Essential oils from edible plants especially those classified as GRAS are one of the safe alternatives to traditional antibiotics (Kalemba and Kunicka 2003). But the commercialization of these plant-based products is often hampered by the inability to purify bioactive compounds from these plants. Two such compounds, thymol, and carvacrol are the main constituents of O. vulgare L., both compounds are known to exhibit antimicrobial activity against a number of pathogens (Chorianopoulos et al. 2004; Thosar et al. 2013; Ultee et al. 2002). Interestingly, an in vitro study has demonstrated that thymol, and carvacrol show selectively higher antimicrobial activity against the tested pathogenic bacteria (Escherichia coli, Clostridium perfringens, and Salmonella) than the beneficial probiotic bacteria Lactobacillus (Du et al. 2015). When thymol and carvacrol were tested in vivo for their efficacy to inhibit C. perfringens in broilers it was found that although the population of the pathogen was not reduced significantly but the treatment alleviated intestinal lesions caused by these pathogens (Du et al. 2015). The same group (Du et al. 2016) in their in vivo study on broilers has further demonstrated many beneficial effects of thymol and carvacrol including an increase in feed conversion efficiency, increase in immunity against virus and tumor. It has been reviewed earlier also that herbs that serve as a primary source of these essential oils exhibit anticancer activities (Craig 1999). Hence, thymol and carvacrol in addition to possessing desired antimicrobial activity also have known health benefits making these essential oils a promising alternative antimicrobial agent.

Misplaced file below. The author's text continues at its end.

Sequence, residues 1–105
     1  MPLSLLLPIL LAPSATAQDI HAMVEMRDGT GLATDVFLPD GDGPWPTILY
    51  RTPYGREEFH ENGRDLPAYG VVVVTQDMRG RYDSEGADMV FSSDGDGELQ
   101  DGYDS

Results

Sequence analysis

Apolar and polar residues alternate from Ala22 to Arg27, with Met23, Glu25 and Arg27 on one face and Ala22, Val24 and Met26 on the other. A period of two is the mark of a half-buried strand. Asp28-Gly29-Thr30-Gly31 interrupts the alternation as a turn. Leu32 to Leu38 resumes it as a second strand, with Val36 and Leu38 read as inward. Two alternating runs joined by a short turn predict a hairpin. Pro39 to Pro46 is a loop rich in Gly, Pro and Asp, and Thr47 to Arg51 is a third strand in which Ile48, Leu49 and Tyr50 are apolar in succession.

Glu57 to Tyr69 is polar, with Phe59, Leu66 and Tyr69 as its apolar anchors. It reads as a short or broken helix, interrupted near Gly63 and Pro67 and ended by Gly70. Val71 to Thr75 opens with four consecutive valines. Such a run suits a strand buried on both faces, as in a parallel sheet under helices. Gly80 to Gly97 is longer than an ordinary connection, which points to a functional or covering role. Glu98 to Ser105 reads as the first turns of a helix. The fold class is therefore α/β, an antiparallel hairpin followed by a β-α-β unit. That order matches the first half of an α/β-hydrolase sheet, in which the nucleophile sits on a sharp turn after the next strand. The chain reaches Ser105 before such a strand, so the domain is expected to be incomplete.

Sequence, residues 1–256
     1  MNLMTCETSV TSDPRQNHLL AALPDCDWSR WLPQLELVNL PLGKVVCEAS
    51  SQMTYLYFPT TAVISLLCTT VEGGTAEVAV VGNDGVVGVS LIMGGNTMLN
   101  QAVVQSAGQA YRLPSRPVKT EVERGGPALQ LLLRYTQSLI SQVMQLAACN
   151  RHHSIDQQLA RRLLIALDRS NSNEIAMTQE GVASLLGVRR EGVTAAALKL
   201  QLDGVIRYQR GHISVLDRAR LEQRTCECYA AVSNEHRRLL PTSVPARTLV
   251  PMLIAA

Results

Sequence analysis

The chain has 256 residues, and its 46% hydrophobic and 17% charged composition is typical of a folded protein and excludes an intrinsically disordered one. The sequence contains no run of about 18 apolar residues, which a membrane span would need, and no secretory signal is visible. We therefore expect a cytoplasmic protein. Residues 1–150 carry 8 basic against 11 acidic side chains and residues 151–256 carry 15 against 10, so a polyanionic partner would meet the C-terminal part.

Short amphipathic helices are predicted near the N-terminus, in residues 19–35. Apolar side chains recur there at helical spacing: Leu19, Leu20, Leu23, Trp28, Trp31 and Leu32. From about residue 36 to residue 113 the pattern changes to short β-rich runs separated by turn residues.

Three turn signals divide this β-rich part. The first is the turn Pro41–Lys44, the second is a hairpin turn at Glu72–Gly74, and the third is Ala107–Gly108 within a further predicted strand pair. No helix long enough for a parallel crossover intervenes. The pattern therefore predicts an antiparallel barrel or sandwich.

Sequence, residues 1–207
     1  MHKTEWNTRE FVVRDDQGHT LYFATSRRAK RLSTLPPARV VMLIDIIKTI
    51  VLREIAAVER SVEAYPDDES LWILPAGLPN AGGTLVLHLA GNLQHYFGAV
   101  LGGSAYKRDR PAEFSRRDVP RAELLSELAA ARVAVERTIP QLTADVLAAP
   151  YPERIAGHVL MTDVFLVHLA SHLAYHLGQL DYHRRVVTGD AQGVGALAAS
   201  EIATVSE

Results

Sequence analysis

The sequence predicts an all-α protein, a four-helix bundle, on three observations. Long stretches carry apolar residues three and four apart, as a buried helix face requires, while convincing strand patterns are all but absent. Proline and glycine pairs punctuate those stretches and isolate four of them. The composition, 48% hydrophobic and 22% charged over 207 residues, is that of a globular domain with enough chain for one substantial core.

Dental caries and periodontal diseases are most prevalent microbial diseases and S. mutans is one of the most important bacterium involved in dental caries (Loesche 1986; Selwitz et al. 2007). To keep a good oral hygiene, it is very important to check the growth of S. mutans. However, over and unwarranted use of antibiotics has also resulted in the development of antibiotic resistance in these pathogens (Leistevuo et al. 2000). Since, thymol and carvacrol exhibit good antimicrobial activity these essential oils were purified from O. vulgare L. and their antimicrobial activity against S. mutans was determined. Furthermore, the antimicrobial activity of thymol and carvacrol was compared with clove oil, a traditionally used essential oil in dentistry, and with chlorhexidine digluconate a widely used compound in mouthwashes (McBain et al. 2003; Thosar et al. 2013). To our knowledge, this is the first such detailed report on the antimicrobial and antibiofilm activity of thymol and carvacrol against S. mutans.